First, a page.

Monetary holiday bonuses can be paid in a variety of ways. For example, you can provide a bonus as a stand-alone check or build it into your employees' regular paychecks. You can also give physical gift cards or certificates, but keep in mind that these are also taxable by the IRS. It might be a good idea to work with your payroll provider or accountant to make sure your bonuses are properly taxed and aboveboard.
Again, typical methods tend to vary based on your business and industry.
"In some industries, such as finance, bonuses are closely tied to employee performance and can vary dramatically within and between teams," said Andrew Schrage, CEO of Money Crashers. "Elsewhere, all employees of the same rank receive the same bonus. Amounts can vary from token-sized (think $25 or $50 gift cards) to amounts greater than the employee's total regular compensation. The latter is more common among highly compensated executives and financial professionals."
Key takeaway: Holiday bonuses can be given as stand-alone checks, additions to regular paychecks or gift cards, among other methods. Consult an accountant or payroll specialist to ensure you're taxing bonuses properly.
What are the benefits of giving holiday bonuses?
Holiday bonuses have many benefits for both your employees and your business.
The biggest benefit of giving holiday bonuses is that it makes people happy. A holiday bonus, whether it's a large check or a couple of extra days off, shows employees that you are thinking about them and consider them valuable to the company.
Bonuses also ensure that employees are rewarded for their hard work, which decreases the possibility of burnout. Happier employees are more likely to stay with your company over the long term, decreasing costly turnover.
Higher engagement and productivity
When employees are happy, they're often more engaged and productive. A 2019 study by Oxford University found that happy employees are 13% more productive, and a good way to make them happy is through extra compensation or other rewards. Studies also have shown that engaged employees produce better work.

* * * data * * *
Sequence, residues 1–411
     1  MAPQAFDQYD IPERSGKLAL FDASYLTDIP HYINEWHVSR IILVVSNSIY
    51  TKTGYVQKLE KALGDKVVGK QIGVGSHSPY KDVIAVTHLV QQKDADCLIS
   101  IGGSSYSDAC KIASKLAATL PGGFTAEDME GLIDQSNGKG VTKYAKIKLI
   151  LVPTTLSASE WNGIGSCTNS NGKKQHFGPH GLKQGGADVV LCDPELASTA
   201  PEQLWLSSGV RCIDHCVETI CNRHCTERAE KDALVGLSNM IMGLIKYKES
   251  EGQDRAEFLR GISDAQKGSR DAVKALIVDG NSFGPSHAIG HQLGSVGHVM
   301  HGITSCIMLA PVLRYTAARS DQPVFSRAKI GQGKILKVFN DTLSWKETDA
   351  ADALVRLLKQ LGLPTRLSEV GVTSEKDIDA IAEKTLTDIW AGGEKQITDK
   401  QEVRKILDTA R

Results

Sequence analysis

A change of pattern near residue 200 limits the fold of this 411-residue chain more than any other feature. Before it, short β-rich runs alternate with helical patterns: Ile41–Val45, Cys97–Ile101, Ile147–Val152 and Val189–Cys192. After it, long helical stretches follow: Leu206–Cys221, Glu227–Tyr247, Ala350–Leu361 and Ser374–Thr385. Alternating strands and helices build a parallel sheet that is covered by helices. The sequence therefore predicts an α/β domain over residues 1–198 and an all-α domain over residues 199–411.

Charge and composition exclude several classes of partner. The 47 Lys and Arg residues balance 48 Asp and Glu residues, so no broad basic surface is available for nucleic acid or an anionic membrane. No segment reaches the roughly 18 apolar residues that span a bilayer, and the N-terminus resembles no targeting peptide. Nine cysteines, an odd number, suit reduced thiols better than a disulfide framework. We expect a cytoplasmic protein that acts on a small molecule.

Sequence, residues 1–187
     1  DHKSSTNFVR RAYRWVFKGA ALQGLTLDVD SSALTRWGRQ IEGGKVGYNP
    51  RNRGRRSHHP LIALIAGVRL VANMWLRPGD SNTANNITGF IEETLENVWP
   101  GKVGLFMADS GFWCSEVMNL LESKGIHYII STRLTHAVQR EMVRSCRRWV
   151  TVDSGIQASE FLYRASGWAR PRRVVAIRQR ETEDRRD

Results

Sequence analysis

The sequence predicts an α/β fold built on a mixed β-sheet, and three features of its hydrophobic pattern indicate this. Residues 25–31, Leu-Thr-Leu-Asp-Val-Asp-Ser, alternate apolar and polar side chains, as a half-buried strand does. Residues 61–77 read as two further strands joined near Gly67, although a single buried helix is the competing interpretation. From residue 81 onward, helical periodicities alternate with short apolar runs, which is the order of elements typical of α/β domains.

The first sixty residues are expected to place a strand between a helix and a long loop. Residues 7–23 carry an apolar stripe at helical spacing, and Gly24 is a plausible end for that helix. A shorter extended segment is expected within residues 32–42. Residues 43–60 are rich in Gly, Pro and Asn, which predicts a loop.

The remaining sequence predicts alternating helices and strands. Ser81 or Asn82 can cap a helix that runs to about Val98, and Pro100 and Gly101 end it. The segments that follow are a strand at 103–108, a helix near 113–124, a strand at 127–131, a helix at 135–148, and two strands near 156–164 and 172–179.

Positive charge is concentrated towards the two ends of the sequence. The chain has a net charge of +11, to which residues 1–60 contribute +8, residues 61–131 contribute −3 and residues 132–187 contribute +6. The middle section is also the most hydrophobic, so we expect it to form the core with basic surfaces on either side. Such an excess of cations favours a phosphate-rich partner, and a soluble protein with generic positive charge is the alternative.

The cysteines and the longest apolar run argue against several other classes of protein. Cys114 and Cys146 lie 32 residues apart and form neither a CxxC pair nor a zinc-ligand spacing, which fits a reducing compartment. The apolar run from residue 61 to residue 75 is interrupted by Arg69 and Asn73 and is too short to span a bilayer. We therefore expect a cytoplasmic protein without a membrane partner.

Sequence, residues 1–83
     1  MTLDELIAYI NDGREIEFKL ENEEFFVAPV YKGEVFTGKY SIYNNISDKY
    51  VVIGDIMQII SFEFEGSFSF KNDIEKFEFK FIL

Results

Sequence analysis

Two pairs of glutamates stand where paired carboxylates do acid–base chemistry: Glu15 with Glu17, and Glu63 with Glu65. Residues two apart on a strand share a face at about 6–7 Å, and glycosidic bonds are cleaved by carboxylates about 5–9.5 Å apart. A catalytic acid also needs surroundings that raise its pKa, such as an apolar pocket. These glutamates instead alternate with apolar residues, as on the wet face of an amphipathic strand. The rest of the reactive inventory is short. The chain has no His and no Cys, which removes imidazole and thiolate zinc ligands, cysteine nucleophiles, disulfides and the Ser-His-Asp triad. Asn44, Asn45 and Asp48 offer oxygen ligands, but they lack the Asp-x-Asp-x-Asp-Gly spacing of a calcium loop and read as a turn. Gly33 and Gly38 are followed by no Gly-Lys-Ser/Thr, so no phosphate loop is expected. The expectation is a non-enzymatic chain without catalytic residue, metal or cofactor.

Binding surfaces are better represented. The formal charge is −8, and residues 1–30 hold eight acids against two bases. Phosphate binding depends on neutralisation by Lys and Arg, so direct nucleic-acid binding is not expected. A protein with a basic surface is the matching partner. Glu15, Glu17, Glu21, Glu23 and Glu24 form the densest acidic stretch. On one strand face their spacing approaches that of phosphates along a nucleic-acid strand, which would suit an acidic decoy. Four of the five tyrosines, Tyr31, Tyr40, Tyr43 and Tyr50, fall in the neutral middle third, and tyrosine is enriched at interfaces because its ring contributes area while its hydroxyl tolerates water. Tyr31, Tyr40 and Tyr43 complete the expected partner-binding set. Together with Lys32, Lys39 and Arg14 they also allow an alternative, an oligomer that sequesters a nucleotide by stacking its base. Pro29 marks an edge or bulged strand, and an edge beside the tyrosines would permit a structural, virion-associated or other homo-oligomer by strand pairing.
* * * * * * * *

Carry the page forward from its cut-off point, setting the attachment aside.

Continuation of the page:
If you choose to tie bonuses into yearly performance or goals, employees can be highly incentivized to hit those goals throughout the year. This can also help boost your company productivity and performance even outside of the holidays.
Key takeaway: The benefits of giving holiday bonuses include better morale, higher engagement and increased productivity.
How are holiday bonuses taxed?
Because holiday bonuses are considered compensation, they are taxed. However, bonuses are taxed at a different rate than an employee's salary on both the state and federal levels, according to TurboTax.
"Like regular payroll, bonuses are subject to income tax, Social Security and Medicare excise taxes, and Federal Unemployment Tax (FUTA)," said John Strohmeyer, proprietor of Strohmeyer Law. "But unlike regular payroll, bonuses are supplemental wages, which are generally subject to the mandatory flat withholding rate of 22% if the business has an annual payroll over $1 million. This rate may be higher than the employee's normal withholding rate, which can confuse employees."
Federal income tax
Generally, the IRS requires a 22% federal income tax on all supplemental income, including bonuses, according to American Express. As an employer, you may choose to include your employees' bonuses with their regular paychecks and withhold taxes on the total amount, which can result in a higher withholding. As such, it may be easier to give employees a separate bonus check.
Employees' holiday bonuses are taxed at whatever rate is required by state law. You can check your state's tax rates here.
The Federal Insurance Contributions Act (FICA) is a law that mandates a payroll tax on employees' paychecks and employer contributions to fund Social Security and Medicare. The first $127,000 of annual income is subject to this tax, so your employees' bonuses will be subject to this tax if they have not yet hit that amount.
Key takeaway: Holiday bonuses are subject to federal and state income tax, as well as FICA tax, and withholding may be higher when you include bonuses in employees' paychecks than when you give separate checks.